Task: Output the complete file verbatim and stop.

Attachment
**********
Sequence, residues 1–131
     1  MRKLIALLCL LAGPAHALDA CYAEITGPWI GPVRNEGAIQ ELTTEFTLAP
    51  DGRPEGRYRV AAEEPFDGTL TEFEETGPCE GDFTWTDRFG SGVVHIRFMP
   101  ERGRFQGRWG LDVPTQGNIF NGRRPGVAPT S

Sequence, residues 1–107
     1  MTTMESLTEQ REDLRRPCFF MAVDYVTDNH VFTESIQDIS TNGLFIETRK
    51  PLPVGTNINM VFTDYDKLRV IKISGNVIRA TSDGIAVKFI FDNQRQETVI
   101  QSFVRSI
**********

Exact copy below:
Sequence, residues 1–131
     1  MRKLIALLCL LAGPAHALDA CYAEITGPWI GPVRNEGAIQ ELTTEFTLAP
    51  DGRPEGRYRV AAEEPFDGTL TEFEETGPCE GDFTWTDRFG SGVVHIRFMP
   101  ERGRFQGRWG LDVPTQGNIF NGRRPGVAPT S

Sequence, residues 1–107
     1  MTTMESLTEQ REDLRRPCFF MAVDYVTDNH VFTESIQDIS TNGLFIETRK
    51  PLPVGTNINM VFTDYDKLRV IKISGNVIRA TSDGIAVKFI FDNQRQETVI
   101  QSFVRSI